Epigenetics of Nucleososmes as Pertaining to Cannabinoids

Using a well-established method of biological age assessment based on arterial stiffness adult patients exposed to cannabis were shown to be have increased arterial stiffness and so to be biologically older [1]. This finding is consistent with pro-inflammatory actions of cannabis [2-7] which are also linked with advancing biological age [8-10]. It was recently shown in advanced cellular senescence that LINE-1 mobile transposable elements, so-called “jumping genes” or retrotransposons, which comprise 17% of the genome, can become mobilized and re-insert into the genome in a random manner using endogenous reverse transcriptases [11]. Not only is this destructive to the genomic sequence with downstream consequences including teratogenesis, carcinogenesis, aging and age-related degenerative disease, but this also activates cytoplasmic cGAS-STING signalling and autocrine and paracrine senescence programs [11-15]. Whilst this novel and fascinating aging mechanism is yet to be evaluated following cannabis exposure several lines of evidence implicate LINE-1 in cannabis-related pathologies including autism [16, 17] and pediatric leukaemias [18] and cancers [19-21] especially germ cell tumours [19] where all four studies to examine the relationship between cannabis use and testicular cancer have found a positive relationship [22-25].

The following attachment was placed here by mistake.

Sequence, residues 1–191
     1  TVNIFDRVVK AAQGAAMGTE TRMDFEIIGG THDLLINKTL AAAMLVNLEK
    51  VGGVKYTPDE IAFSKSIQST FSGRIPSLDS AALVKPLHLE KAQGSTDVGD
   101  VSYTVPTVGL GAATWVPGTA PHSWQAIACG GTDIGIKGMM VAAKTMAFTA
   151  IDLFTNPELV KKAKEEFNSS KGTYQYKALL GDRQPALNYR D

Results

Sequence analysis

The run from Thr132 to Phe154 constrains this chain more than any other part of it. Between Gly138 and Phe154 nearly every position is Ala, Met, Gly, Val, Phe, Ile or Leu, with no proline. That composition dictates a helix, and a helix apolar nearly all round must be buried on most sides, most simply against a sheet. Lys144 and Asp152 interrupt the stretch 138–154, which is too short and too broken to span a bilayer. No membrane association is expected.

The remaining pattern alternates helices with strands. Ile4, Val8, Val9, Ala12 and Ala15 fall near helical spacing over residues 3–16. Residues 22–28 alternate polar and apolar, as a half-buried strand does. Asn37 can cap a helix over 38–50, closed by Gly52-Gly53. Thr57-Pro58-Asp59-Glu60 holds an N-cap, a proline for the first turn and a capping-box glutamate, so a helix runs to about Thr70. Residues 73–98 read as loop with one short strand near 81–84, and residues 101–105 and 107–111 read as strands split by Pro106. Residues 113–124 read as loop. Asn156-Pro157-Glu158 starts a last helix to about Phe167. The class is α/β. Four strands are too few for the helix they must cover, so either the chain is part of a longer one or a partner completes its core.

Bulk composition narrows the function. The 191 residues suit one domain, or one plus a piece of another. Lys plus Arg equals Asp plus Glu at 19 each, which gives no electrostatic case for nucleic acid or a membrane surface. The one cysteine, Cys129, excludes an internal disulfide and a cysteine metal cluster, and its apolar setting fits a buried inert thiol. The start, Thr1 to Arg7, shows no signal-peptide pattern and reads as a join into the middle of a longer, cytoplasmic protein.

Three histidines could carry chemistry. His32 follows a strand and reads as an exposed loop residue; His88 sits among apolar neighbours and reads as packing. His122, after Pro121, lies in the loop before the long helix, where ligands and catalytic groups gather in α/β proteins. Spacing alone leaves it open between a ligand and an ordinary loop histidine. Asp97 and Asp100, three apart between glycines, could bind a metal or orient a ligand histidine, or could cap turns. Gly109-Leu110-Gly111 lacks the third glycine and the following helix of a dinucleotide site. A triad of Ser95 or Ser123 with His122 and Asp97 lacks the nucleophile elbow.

Intriguingly addition of serotonin to the tail of histone 3 (H3) on the glutamine at position 5 (Q5) – right beside the well-known transcription-activating trimethylation post-translational modification (PTM) at H3K4 (lysine 4) – has been shown to be an essential permissive and facilitative histone PTM at many gene promoters to permit proper differentiation of brain and body tissues [26, 27]. This PTM is known as Q5ser. H3K4Q5ser occurs at high density in brain and testes. It is likely that other monoamines such as histamine and dopamine may soon be similarly implicated [26, 27]. The monoamines serotonin and dopamine are well known to be intimately involved in cannabis dependency syndromes [28, 29]. Further thickening the plot the N-terminal tail of H3 was recently shown to be a hot spot for oncomutations amongst histone proteins which allow genes to be made accessible for transcription, often in an activating manner which is independent of SWI/SNF signalling and thus renders it constitutively active [30]. Cannabis use has previously been linked with four pediatric cancers and eight cancers in adults including the germ cell tumours mentioned above [31-33].

Source: Nature Journal 2019

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